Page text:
In our office, we use National Construction Estimator Database as a starting point. This gives us average costs plus allows you to modify the pricing based on your zip code. We then make adjustments based on field conditions of the projects.
For example, if a wall is 15’ high and requires a Scissor Lift, we’ll adjust the labor and production rates since it’ll be slower production.
Or you can create your own.
For example, if you’re a framing contractor, normally you’d spend a million hours figuring out your materials and then send it out to your supplier. Then you “guess” the labor manually by saying “5 guys x 4 weeks”, etc….
And then you have to do that over and over for all your different wall types, ceilings, posts, beams, etc.
This is extremely time-consuming and inefficient. You also have to add costs to “cushion” your number because you can’t trust it.
What if you spend ONE hour and figure out your actual unit prices so you can bid faster and more accurately?
Let me show you how to do it.
How to Calculate your Own Unit Pricing
Step 1 – Take a sample item and calculate your total labor costs and material costs separately.
Step 2 – Divide the costs by total square footage of your sample. Here’s the formula:
Labor Cost / Square Footage = Cost per SF for Labor
Step 3 – Add to your database
Step 4 – Repeat for Material…
Here’s an actual example. I drew up a sketch of a wall. If we were going to figure out our cost per SF for metal framing this wall, this is how I would do it.
Step 1 – Take a sample item and calculate your total labor costs and material costs separately.
In this example we have a wall that’s 100 LF x 10’ high with studs at 16” OC.
Labor Cost: 2 guys x 6 hrs x $30/Hr = $360.00
-200 LF Track x $0.41/LF = $72.00
-76 Studs x 10’ x $0.42/LF = $319.20
-Pins: 50 Pins x $0.08 EA = $4.00
-7/16” Screws: 304 Screws x $0.01 = $3.04
Total for Materials: $398.24 + 7% Sales Tax = $426.12
Total Direct Costs: $786.12
$786.12 / 1,000 SF = $0.79/SF
So now moving forward we can confidently say to frame a wall will cost us $0.79/SF. We then add about 10% for waste and productivity. Once we estimate the entire project, we can add the duration and calculate things like Supervision, Profit, Overhead, Equipment, etc.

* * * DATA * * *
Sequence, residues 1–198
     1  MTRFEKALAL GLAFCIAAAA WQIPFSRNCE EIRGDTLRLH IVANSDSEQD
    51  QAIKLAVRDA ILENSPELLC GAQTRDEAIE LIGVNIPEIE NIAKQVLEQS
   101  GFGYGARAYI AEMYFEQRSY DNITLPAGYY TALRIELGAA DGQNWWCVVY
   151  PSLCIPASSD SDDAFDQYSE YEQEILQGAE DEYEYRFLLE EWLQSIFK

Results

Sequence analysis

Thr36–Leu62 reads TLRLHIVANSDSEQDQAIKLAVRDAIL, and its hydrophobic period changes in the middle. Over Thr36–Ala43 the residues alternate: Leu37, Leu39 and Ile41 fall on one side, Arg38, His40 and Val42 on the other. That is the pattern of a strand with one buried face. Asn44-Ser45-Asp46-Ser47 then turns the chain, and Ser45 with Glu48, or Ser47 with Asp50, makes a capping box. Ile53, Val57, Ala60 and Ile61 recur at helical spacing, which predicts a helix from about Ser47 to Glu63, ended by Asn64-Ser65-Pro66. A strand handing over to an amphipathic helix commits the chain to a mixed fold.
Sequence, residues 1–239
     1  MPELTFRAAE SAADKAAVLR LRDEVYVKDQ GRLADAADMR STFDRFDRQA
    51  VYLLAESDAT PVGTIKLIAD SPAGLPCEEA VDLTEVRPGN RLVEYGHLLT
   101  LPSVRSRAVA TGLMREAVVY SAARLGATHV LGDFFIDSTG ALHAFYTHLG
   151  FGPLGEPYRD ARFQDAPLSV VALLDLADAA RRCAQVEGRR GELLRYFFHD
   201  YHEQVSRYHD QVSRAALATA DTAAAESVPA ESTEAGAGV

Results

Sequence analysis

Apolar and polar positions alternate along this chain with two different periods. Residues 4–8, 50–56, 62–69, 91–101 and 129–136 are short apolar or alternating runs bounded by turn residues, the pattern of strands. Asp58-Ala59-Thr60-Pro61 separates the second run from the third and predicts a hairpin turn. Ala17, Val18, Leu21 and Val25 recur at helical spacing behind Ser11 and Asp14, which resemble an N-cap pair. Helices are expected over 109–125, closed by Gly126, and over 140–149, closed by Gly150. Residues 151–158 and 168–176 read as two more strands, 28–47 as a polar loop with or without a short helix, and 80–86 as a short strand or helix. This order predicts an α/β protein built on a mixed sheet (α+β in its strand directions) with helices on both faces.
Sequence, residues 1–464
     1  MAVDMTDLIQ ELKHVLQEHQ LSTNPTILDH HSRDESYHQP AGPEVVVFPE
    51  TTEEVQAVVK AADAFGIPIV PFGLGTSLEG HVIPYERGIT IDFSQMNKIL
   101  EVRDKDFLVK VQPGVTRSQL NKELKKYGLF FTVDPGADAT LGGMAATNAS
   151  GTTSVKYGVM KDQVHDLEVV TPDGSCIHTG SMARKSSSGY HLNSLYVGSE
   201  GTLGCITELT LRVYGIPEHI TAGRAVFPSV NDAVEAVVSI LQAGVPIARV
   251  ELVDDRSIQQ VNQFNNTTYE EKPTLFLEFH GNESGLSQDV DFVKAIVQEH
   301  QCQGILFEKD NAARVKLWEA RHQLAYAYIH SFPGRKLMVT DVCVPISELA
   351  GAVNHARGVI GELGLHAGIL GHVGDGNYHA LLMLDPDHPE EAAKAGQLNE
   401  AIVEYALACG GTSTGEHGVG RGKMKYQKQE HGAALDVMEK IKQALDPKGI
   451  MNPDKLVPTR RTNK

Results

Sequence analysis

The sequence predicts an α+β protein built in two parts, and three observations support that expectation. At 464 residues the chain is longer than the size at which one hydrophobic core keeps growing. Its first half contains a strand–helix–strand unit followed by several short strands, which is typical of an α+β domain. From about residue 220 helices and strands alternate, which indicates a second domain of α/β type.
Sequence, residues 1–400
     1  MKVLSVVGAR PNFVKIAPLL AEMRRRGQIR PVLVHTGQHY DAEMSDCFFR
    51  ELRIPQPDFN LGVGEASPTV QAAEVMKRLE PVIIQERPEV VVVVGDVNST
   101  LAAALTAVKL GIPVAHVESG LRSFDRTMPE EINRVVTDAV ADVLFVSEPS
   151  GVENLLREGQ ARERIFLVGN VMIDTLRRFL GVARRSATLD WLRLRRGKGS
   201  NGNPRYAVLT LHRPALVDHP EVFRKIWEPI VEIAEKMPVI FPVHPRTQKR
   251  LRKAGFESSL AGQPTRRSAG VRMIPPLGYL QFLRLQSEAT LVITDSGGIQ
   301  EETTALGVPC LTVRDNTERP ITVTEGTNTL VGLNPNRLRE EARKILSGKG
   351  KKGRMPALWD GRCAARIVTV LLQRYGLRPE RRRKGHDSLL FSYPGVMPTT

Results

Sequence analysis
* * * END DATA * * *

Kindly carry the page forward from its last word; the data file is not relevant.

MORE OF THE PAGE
And the last step to this is to do this for each type of item.
If you’re a Subcontractor, you probably have a handful of items you have to create.
If you’re a General Contractor, you really should invest in one of the Cost Databases and build out your template. It’ll take you too long to build your own.
Strategy #2 – The Square Foot Method (aka The Budget Method)
One of the most powerful methods for construction is using what we call The Budget Method.
It has two strategic uses:
1 – As Prospecting Tool
2 – As a last minute Bidding Tool
Square Foot Method for Prospecting
One of the strategies we teach is prospecting during the conceptual stage of projects to get your foot in the door with Architects.
Architects don’t ever know what anything costs. For us in the construction…. That’s a great thing.
Architects always design over budget and have to go back and redo a bunch of work usually for free.
As a General Contractor, if you walk into an Architect’s office and say “Hi, I’m interested in working with you. I can provide budget pricing for your projects in the design phase for free.”
Most Architects would instantly partner up with you and start recommending you.
The Square Foot Method for Last Minute Bidding
There are times that you’ll get a last minute opportunity to bid a jobs for a GC or Architect and you simply don’t’ have the time to estimate it in detail.
Remember earlier when I mentioned that the first estimate you submit is a “Preliminary Bid”?
Since we already know they are going to ask us for a discount or to lower our price, we can price a little higher which means we don’t need to be so accurate with our first number.